180g vinyl LP on Pillowscars.
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The joy….the utter joy of this job is picking up a record not having the faintest clue of what it might be then from the moment the needle hits the record just knowing that this was made especially for you.
The harder bit is then trying to express that feeling in words so that other people can take advantage of these little moments of serendipity. The first thing you hear are gorgeously thick, chunky guitars recorded with the needle way into the red. They start picking out the most unusual of melodies and are joined by a drummer who has obviously been told to simply play random fills and not to worry about such standard things as a back beat. If I could pin them to a city I’d say Chicago (though they are actually from San Jose). In come some vocals, slightly emo, slightly Modest Mouse/Dismemberment Plan, the track disintegrates back into itself and to its acoustics which by now sound crestfallen. The track is called ‘Bunny’ - it's tremendous.
The next one - ‘No More Like That’ - catches light with the same beautifully double/triple track acoustics. The vocals this time are more melancholic, like those of Elliot Smith or those in such interesting bands as America's Very Secretary. But ‘Birds’ is where I exploded. Its full of wintery beauty, led by a fantastically chewy guitar part. Drums pound away whilst mysterious vocals wander in and out of the mix. This is fantastically inventive indie rock. Although the band reference such 90s wanderers as Bedhead, early Sebadoh and The Sea and Cake they add in an impressive sweep of early Elliott Smith pathos and the kind of blissful sonic experimentalism that the likes of Animal Collective have used to move the whole scene forward.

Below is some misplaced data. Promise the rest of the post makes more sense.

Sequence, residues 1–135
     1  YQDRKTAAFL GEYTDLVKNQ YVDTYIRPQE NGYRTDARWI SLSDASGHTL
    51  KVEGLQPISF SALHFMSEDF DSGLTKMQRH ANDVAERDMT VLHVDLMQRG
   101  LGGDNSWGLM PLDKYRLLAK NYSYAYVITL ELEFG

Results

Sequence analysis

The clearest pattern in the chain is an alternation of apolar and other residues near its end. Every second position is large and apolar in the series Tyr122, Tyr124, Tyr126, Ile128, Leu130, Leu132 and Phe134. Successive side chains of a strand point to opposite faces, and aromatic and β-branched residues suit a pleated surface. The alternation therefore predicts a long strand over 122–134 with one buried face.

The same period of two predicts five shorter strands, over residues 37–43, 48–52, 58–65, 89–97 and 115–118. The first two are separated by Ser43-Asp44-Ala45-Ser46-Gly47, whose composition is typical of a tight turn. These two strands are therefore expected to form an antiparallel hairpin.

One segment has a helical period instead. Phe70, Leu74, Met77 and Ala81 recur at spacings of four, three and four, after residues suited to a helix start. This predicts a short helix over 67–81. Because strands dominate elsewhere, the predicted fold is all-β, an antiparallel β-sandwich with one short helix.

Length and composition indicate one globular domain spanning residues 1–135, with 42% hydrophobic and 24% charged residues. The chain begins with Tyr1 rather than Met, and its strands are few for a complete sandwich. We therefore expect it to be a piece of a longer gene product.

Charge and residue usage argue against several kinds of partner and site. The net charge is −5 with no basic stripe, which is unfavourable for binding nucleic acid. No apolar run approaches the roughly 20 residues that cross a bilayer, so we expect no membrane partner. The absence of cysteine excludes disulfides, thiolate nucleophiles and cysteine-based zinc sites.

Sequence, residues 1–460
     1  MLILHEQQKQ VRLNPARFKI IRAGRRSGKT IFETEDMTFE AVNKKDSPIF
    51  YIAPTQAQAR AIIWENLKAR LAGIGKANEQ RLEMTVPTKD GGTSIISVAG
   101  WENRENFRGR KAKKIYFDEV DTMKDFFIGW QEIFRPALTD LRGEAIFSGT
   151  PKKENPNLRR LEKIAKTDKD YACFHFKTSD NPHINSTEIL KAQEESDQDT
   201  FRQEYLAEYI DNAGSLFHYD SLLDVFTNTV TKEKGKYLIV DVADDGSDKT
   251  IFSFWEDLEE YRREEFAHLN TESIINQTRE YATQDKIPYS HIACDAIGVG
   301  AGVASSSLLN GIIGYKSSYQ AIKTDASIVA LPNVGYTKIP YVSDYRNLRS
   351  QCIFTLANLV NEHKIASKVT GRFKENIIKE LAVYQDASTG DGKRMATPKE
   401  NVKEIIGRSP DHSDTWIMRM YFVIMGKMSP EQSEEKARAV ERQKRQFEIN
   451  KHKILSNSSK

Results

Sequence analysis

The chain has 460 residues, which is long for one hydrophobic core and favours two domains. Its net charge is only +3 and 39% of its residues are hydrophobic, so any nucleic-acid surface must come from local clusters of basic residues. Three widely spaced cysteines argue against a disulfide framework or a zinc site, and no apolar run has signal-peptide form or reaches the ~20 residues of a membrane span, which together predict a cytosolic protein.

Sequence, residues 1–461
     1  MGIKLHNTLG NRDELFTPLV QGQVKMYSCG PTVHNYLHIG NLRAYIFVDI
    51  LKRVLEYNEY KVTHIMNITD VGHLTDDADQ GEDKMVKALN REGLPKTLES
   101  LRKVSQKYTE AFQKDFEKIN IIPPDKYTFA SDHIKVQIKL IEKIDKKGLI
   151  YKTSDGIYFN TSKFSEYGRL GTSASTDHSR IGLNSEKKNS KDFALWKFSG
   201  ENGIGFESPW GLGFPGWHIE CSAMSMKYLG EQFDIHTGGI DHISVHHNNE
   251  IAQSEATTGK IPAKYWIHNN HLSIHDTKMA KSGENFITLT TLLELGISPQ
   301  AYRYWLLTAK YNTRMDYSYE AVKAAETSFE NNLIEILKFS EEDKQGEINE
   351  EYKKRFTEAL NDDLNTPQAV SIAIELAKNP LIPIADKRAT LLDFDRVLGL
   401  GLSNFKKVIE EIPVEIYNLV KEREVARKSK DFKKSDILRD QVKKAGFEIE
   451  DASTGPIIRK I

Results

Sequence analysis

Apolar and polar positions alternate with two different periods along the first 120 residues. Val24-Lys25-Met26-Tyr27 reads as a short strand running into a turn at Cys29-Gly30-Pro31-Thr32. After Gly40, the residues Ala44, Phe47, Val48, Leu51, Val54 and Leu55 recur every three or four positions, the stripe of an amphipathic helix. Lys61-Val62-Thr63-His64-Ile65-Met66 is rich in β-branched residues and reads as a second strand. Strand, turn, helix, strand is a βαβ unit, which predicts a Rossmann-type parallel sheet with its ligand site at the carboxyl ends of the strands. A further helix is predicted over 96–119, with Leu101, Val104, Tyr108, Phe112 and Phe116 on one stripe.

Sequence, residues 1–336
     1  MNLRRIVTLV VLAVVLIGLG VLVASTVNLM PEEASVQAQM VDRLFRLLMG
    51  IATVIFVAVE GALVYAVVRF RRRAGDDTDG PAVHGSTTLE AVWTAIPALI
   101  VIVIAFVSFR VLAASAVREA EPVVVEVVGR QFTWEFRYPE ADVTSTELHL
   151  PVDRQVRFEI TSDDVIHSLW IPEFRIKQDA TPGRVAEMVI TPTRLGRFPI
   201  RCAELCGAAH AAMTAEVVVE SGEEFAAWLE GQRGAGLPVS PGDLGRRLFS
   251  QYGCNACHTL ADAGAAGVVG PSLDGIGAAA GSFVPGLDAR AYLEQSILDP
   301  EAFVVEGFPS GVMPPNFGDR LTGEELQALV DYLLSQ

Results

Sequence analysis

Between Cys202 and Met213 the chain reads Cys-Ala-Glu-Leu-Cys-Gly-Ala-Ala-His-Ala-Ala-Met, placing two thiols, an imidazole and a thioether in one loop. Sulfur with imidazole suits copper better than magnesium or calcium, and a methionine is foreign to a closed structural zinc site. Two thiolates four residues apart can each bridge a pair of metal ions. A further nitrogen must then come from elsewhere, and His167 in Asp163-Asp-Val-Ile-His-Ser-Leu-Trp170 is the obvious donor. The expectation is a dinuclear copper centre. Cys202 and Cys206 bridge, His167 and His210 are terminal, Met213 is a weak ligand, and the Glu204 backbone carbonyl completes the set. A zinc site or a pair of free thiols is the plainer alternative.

Imagine those early Smith albums played by Chicago’s finest musicians of the era and recorded by Albini and you get somewhere close. Closer ‘Modulator Hustle’ is a tremendous, circular piece of plucked acoustic / drum machine joy. Then, wilful vocals come in and it just gets better. It's fantastically recorded throughout. Very few albums sound this great - and according to the press release they did it all on 4 track. It also states that the main man behind this was in the screamo/post hardcore Mohinder. Truly a mystery but this really is a great record and is deserving of a lorry load of attention.
10/10 James McKenzie Customer review, 20th May 2016
Maybe my favourite record of the last couple of years. Inspired by and harking back (in spirit at least) to a golden period in American alternative music . Exsisting under the radar and with echoes of the late Elliott Smith scattered throughout, the album pays tribute in the best possible way to a not long forgotten era when a needle in the red and an ear for a melody was all it took to keep us (now grown up) kids happy.
A future classic in the waiting.
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